The Best Gear and Vlogging Cameras

We spent more than 16 hours researching and testing vlogging cameras and equipment to find the best. But before you rush to spend hundreds or thousands on new gear, think about that all you should get started is your smartphone you currently have, and an affordable, flexible tripod that works for phones and cameras alike.

Our pick

Joby GorillaPod 1K Kit
Joby GorillaPod 1K Kit

For first-time vloggers

This is mild enough to take everywhere, but powerful enough for your heaviest smartphone and a number of cameras.

The best camera is the one you have with you, and for most people, that is a smartphone. Most modern phones are already take stabilized, high-quality footage in well-lit conditions. It is a terrific way to learn more about the practice of shooting before stepping up to a dedicated camera. And unlike with dedicated cameras, the editing, adding any effects and filters, and sharing may all be accomplished directly from your cell phone with no additional transfers required.

Whatever camera you purchase (if and if you decide you need one), Joby’s GorillaPod 1K Kit and the Square Jellyfish Metal Spring Tripod Mount is going to be crucial tools in your vlogging journeys. The 1K has legs which may wrap around just about any tree branch or road sign post to assist you get a steady shot wherever you’re. And since it can encourage 2.2 pounds, it is sturdy enough to adapt mirrorless camera setups capable of shooting DSLR-quality footage down the road.

Sony’s RX100 cameras are very popular amongst vloggers, prized for being little and supplying exceptional video quality. The RX100 Mark IV includes the capability to capture in slow motion or at 4K resolution while at the same time making good 1080p footage. The facial recognition enables the camera see your face and prioritize it for attention. The LCD screen can divide 180 degrees so you can see yourself while recording, and Wi-Fi enables you to use a smartphone as your remote controller. This is particularly useful if paired with a GorillaPod 1K Kit. The only big downside that may be a dealbreaker for some is its lack of mic input, so if audio quality is a priority, you ought to take a look to our other selections.

If you’d like the capability to add specialty lenses for your own kit in the future, think about a mirrorless camera before leaping to a DSLR. Sony’s a6300 and its kit lens function as well as a midrange DSLR (thanks to its high APS-C sensor), but at roughly half of the size and weight of a comparable DSLR, it’s a lot more portable. Face recognition enables the camera identify and track your face to keep it in focus. Its only major defect is that the display doesn’t flip up far enough for you to see it into selfie mode. But you may use the Wi-Fi connection along with a smartphone app to remotely control the camera and make sure that your face is in the framework.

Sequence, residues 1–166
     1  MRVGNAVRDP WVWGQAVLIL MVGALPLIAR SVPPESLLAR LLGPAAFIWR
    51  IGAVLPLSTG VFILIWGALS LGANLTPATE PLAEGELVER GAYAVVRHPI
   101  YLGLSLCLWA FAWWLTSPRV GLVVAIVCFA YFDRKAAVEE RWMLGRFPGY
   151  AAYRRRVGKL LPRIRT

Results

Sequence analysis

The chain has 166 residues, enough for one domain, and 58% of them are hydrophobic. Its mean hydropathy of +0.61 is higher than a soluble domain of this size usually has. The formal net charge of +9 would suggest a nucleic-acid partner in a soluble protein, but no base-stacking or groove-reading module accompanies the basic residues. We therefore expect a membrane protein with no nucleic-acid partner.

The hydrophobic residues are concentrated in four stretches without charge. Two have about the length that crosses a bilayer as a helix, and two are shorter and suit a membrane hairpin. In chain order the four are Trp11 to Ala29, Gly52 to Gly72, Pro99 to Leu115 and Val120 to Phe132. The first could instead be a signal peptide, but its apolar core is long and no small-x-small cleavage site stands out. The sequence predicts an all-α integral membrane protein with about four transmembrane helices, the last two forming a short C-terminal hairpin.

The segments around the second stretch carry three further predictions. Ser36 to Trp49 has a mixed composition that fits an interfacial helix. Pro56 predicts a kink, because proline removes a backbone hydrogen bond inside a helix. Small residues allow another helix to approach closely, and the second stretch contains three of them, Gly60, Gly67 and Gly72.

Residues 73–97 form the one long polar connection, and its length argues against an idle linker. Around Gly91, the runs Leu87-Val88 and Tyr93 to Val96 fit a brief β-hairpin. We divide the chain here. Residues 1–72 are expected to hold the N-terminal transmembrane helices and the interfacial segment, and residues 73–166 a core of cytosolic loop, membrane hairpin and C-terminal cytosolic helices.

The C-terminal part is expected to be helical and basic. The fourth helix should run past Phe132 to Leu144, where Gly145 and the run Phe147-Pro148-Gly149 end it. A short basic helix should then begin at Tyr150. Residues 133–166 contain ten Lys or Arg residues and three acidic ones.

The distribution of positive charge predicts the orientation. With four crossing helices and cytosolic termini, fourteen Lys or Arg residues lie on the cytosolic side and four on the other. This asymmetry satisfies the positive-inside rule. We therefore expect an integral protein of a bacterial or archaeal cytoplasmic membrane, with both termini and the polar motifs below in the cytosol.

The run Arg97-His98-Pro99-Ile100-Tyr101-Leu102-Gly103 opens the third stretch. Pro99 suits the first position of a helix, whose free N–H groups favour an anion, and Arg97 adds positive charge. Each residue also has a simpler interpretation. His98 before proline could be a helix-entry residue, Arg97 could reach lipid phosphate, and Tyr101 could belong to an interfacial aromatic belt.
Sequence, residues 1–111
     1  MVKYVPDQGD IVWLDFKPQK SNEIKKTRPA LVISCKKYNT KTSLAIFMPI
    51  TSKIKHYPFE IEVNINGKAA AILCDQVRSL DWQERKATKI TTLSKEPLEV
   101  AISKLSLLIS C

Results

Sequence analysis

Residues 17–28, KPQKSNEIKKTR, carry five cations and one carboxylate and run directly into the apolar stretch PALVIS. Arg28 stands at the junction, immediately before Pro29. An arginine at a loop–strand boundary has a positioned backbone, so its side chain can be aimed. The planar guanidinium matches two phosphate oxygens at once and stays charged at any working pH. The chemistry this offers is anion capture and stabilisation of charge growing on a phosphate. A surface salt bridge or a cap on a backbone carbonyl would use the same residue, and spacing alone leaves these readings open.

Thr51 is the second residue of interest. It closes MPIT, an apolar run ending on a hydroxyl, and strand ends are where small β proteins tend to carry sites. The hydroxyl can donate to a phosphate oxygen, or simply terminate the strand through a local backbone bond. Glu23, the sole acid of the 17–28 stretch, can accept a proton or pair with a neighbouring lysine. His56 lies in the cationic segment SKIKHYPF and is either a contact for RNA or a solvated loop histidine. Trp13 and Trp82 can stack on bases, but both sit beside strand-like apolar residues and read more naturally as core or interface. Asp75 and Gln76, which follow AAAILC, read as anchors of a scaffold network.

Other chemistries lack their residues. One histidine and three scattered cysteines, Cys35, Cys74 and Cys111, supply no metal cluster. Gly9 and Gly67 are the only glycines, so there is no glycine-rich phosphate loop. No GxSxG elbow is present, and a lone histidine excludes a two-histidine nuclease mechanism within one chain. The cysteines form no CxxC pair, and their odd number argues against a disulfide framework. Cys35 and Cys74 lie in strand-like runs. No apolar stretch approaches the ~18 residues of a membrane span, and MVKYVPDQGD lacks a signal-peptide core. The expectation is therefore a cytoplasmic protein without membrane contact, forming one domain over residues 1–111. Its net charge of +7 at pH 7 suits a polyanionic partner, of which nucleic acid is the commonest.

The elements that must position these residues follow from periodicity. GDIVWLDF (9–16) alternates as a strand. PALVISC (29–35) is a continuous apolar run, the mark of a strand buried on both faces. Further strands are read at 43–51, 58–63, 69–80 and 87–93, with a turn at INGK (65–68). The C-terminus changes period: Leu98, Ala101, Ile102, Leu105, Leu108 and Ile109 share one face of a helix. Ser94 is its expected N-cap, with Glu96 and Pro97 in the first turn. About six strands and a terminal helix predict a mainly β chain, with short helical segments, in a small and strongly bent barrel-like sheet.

We advocate using a GorillaPod 1K Kit to maintain the camera up in the air or attach it to a post or railing, or just to stand up to a surface. If you want to measure the audio quality of your vlogs, get the Sony ECM-GZ1M. It plugs into almost any Sony camera using a Multi Interface Shoe which makes your voice louder and better in the sound mix compared to ambient noise in which you’re shooting. Despite being small, the cheap Sony mic provides comparable recording quality to bigger and more expensive prosumer-style Rode microphones.

Most people probably don’t need a DSLR for vlogging, especially as a mirrorless or compact camera offers more features, 4K recording, and greater portability in a much lower price. However, if battery life is the top priority, or if you have your heart set on a DSLR, Canon’s 80D is the very best value for video. Compact and mirrorless cameras quit after about 60 to 80 minutes of shooting on a fully charged battery, but the 80D gets just about double that. Its Dual Pixel autofocus is often quicker and more precise for shooting video compared to the AF in other DSLRs, as it works while shooting the touchscreen activated in live-view mode, thus changing focus is as simple as tapping the screen, exactly like a smartphone. Furthermore, its articulated touchscreen can face forward so that you can see yourself while shooting. If you prefer remote control, you could also opt to utilize Wi-Fi and a phone program to frame the shot along with start and stop recording. However, it lacks 4K recording capacities. (As of this writing, the only Canon DSLRs that do 4K cost upwards of $3,000.)

At 2.6 pounds with a kit lens, you will need to update to the GorillaPod 3K Kit to encourage the 80D’s weight. (The 1K we recommend for the other cameras can’t encourage its 2.6-pound weight.) If you want to measure the sound on your vlogs, the Rode VideoMic Go directional mic can keep the attention of the sound on you. It’s affordable to get a directional mic and also doesn’t require its own power supply, so you can plug it into the 80D’s mic input and be all set.

The cameras in this guide are aimed at capturing traditional video footage, but we also have recommendations for a number of other cameras which you might find helpful for supplemental footage. A action camera is great for capturing underwater or point of perspective scenes. And a 360 camera can record interactive shots that enable audiences to explore every angle of your journey.

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